Key Steps for the Independent Consultant
James Black shares insights gained from years of experience as an independent consultant.
Seven years ago, I put up my shingle and set up an LLC to work as an independent consultant, working on growth strategies, marketing strategies, and insights for clients. During this time, I’ve learned a lot about the space, and myself, and wanted to share my perspectives with others.
1. Define the target market you’re seeking to serve (and periodically revisit it).
At P&G, everything started with the “WHO” (the target). To define my “who” and their needs, I regularly connect with a handful of past clients and non-clients to understand the issues they are challenged with and when and where they will bring in an independent consultant. I also monitor the mix of clients I serve to understand what is driving whom I work with. Initially, I assumed my business would be largely CPG/retail based on my background (it wasn’t), and primarily NYC Metro-based (it wasn’t). In fact, across 7 years, CPG/retail has been less than 40% of my work—I do a lot of work in tech, pharma, and other verticals. Interestingly, the vast majority of my work has been outside NYC, including even the Middle East and Japan, well before “remote work” became the “new normal.”
2. Determine what skills and offerings you can provide the target to help them solve their problems.
I approach this in two ways. First, I periodically tally all of the projects and proposals I have completed in a given period to understand what issues are re-occurring. Then I also scrutinize proposals that I “won” or “lost” to better understand what capabilities I need to grow. On “losses,” did the client want more or different: 1) Industry expertise? 2) Functional expertise? 3) Topical expertise? And then I would seek out projects to strengthen my profile for future work to fill in these gaps or to build on wins.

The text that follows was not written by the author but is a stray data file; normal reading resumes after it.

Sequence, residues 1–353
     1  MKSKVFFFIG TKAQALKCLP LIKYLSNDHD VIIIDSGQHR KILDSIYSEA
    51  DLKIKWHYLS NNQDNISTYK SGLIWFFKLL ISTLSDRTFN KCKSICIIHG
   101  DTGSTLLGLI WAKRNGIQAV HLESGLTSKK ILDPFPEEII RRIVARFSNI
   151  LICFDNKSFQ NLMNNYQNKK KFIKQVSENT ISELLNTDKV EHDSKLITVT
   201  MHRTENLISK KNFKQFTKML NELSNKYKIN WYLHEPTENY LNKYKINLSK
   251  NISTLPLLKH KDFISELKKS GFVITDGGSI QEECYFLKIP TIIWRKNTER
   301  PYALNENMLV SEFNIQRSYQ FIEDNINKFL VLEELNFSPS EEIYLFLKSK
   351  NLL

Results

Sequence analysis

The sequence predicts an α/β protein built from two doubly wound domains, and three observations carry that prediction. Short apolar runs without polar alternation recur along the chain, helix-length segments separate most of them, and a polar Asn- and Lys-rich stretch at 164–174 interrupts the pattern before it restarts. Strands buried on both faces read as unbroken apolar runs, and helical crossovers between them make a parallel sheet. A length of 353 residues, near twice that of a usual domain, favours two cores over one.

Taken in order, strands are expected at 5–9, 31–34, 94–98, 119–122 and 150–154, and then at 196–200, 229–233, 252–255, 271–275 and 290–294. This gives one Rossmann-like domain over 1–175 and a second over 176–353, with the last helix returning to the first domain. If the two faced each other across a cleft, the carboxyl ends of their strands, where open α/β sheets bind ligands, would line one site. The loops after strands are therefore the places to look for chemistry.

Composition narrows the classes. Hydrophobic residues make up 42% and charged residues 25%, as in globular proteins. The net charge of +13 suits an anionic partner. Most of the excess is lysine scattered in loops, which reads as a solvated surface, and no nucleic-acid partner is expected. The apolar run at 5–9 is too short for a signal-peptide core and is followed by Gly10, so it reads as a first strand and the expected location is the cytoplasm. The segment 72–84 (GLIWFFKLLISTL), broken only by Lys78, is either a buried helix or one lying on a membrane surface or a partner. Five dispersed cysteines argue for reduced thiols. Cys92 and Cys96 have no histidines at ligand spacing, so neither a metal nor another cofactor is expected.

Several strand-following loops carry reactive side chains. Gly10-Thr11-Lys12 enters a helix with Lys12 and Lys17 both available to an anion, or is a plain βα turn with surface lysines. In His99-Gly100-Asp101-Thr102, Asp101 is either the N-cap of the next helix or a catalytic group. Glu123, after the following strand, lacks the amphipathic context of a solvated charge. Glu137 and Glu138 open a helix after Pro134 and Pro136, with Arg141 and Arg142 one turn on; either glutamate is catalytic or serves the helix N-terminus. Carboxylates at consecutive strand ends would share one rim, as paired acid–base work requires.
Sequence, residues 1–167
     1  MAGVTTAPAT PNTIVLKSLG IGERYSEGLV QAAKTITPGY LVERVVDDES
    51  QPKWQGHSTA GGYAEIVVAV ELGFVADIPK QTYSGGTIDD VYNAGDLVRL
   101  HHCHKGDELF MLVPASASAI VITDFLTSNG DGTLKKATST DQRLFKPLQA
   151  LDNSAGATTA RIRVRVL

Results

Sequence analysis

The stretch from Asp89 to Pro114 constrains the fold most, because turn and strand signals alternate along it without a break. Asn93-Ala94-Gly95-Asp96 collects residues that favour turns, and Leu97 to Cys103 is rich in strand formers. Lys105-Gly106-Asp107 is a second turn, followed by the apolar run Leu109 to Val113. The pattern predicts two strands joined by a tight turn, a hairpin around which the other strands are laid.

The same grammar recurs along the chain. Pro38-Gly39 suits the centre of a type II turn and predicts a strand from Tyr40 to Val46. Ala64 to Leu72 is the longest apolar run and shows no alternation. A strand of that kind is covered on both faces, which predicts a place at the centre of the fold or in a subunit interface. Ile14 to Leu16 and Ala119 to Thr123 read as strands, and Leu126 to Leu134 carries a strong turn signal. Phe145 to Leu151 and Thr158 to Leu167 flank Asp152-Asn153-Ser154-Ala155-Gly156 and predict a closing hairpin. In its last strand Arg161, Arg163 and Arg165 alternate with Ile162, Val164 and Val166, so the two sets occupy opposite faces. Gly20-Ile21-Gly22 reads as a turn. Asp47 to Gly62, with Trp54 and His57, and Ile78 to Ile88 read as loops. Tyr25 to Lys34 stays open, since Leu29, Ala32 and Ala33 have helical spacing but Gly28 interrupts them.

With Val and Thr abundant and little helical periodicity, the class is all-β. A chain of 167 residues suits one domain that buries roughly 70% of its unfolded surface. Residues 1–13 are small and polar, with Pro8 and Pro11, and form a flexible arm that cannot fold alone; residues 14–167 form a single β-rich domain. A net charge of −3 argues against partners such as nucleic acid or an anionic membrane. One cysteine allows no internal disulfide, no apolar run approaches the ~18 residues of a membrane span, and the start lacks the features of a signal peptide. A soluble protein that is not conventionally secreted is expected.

3. Determine how to establish and grow your business.
There is countless free and for-fee advice on how to grow your independent consultancy, as with any business. The approach that works best for me is to conduct a semi-annual “business review” to help me step back and assess: 1) where my business is coming from. 2) what types of projects and clients I am working with? and 3) what are the dynamics in project size and pricing? This enables me to re-focus my work and priorities on an ongoing basis. This has taught me important lessons in 1) setting a “floor” in terms of the minimum project value I will work on and 2) understanding how to replicate the “random” project that seemed to come across my desk. Additionally, this is where it’s also helpful to compare notes with peers to see what they are experiencing.
4. Prepare for important shifts in your business, ideally ahead of time.
In my first year as an independent consultant, I secured four large projects with one client, a client who approached me on LinkedIn. This was very exciting. But I knew this “hot hand” might not last. And it didn’t, as will other “hot hands” over the course of the years. Ultimately, I recognized that I needed to expand my outreach to diversify my sources of work, and drive the balance between new and repeat business, as well as to figure out the right reconnect strategy with such clients.
Key points include:
- The benefit of a business review
- Reconnection strategy
- Understand the role of different channels in your business
Read the full article, 7 Things I Have Learned in My 7 Years as an Independent Consultant, on Linkedin.